Hey, all. So, obviously this series has been talked about…A LOT. It was also announced the rights to adapt this series for TV! I’ve really been wanting to read them especially when some of my favorite BookTubers shared their thoughts and stunning Illumicrate editions. I was even more excited when I found out that the author was a scholar who had focused on Asian studies at several excellent institutions. I also recently saw an excellent post by one of my faves, ReadbyTiffany, who has a very through Know Before Reading post which explains everything much better than I could as she has had the chance to speak with and interview Rebecca Kuang. She provides the historical context I mentioned briefly in my unboxing, but includes elements I hadn’t known about as well. There’s also some great literary analysis of how certain characters are paralleled by real figures, the context of ethnic diversity, other cultural explanations, and what reading this meant to her personally as a Tiwanese-American. Despite my own extensive studies in Asian history, this is a case where I feel I am not the best source and should direct you to someone I trust and let their voice be heard instead. She also includes a link of her interview with the author. The button below will take you to that post, which I highly encourage reading if you’re considering picking up this series or have questions on the series. She has also mentioned a lot of plagiarism issues related to her work on this, so credit where credit is due. Tiffany did an amazing job with her post. Sidenote: I am totally jealous of how lovely and aesthetic her blog is! #goals
(Yes, I feel it that important that I’m not setting it at the bottom as usual. Read it. Be aware of this book’s importance.)
What I loved most is the acknowledgement of how you could read the book different ways. I definitely feel that I would definitely be in the later, looking at how it approaches very key issues in the history it covers.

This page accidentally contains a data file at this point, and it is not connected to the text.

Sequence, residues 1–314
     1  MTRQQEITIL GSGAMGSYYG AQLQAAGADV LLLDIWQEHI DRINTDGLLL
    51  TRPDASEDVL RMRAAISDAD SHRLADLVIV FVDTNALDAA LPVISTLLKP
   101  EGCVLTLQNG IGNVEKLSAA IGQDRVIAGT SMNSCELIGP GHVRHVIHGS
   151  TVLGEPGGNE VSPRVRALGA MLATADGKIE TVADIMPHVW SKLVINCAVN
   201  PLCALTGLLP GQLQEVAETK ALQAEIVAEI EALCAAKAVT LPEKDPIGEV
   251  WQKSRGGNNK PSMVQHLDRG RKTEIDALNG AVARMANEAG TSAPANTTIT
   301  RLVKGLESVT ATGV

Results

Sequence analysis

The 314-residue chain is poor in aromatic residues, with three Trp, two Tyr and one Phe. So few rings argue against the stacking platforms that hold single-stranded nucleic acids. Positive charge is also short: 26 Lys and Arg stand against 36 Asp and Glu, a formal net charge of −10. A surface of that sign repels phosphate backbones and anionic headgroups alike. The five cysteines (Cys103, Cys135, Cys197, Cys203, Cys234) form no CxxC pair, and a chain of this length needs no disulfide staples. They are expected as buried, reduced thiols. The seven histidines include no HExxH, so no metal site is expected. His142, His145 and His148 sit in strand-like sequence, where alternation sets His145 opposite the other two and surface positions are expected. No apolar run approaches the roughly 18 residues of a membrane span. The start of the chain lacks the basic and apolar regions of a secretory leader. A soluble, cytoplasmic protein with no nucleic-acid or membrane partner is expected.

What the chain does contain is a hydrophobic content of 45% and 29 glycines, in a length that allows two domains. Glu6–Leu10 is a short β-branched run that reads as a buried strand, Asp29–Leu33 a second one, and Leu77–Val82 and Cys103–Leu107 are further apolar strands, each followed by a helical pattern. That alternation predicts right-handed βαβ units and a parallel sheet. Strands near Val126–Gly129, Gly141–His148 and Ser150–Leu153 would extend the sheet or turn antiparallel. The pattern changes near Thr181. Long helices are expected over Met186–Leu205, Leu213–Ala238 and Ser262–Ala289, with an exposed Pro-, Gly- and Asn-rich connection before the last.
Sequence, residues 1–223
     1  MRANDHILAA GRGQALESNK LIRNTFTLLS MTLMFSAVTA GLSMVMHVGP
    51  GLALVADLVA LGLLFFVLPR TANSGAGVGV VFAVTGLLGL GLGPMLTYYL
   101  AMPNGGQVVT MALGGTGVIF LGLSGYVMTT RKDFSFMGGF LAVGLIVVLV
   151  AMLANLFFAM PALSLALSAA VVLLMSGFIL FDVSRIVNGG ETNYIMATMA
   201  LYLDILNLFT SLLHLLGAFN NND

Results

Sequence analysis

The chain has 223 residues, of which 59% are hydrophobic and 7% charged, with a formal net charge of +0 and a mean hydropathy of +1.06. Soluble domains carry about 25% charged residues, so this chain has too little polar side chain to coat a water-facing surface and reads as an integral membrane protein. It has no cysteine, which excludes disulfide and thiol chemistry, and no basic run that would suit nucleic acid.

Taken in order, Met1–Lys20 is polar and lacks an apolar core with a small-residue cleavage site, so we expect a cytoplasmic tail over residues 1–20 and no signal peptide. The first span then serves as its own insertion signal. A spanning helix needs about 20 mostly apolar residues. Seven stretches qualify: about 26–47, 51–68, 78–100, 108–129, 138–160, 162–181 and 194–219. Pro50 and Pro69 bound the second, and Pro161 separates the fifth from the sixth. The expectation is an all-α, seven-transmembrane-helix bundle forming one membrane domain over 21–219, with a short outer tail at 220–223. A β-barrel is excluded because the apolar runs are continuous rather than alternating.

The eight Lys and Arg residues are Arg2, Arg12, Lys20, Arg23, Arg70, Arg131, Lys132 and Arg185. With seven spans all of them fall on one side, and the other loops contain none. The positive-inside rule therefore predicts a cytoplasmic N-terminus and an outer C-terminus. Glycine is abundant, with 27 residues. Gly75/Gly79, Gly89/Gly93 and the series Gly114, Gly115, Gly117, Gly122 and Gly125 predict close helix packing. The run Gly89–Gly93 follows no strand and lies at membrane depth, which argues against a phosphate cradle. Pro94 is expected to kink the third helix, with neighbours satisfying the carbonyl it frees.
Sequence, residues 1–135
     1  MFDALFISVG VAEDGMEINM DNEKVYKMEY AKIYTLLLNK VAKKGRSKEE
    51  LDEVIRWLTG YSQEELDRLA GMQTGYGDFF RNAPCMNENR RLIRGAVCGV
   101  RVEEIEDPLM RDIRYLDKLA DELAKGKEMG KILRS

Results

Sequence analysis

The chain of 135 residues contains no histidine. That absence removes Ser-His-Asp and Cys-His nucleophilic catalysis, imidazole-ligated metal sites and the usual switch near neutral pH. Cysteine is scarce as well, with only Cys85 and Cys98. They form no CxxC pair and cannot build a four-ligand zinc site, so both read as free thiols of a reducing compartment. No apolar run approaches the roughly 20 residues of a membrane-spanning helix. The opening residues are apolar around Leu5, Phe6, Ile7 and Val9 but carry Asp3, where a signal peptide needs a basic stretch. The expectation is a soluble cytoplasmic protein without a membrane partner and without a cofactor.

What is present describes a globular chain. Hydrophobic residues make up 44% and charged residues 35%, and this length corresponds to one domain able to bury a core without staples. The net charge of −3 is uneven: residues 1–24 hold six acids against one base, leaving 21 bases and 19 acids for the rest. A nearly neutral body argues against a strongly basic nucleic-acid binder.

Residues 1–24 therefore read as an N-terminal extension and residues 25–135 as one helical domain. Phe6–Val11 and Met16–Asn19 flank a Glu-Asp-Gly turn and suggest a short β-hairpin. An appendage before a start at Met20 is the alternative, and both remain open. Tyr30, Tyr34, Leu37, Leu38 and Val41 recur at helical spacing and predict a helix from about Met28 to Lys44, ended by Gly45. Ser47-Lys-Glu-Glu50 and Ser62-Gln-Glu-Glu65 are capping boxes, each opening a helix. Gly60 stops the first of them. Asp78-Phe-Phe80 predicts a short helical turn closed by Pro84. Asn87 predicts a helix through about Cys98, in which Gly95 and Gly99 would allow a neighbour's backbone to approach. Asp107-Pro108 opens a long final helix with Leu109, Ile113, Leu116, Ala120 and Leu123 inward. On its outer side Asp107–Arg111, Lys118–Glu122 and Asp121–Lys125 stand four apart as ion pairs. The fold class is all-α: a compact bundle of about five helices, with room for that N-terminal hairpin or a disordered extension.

I also approach this knowing this book isn’t about Being Here For a Good Time. There are true horrors which will be covered and I know that it is something I may struggle with. I am seeing several warnings which I know can get to me depending on how it it approached. Even though I know that so many people have loved this series, I have no illusions that it may not be for me and with that in mind, I am not going to be including a rating in my discussions of these books. I feel the history it covers and the impact it has had in the Asian community is far too important to attach a number to, and that doing so in the event where I find it difficult to get through due to my own sensitivities would be incredibly damaging and is a reason these types of books can struggle. I will do my best to explain what I like about the story and how I feel about the approach to the topics without critiquing it merely for containing things that aren’t for a fun read. I am reading this series because it approaches the field I love from a well-informed point and it covers a time period which still has a lasting impact in very real ways.
It is included in Tiffany’s post, but I definitely want to reiterate if you’re considering picking it up, this book contains sensitive content.
To quote Tiffany: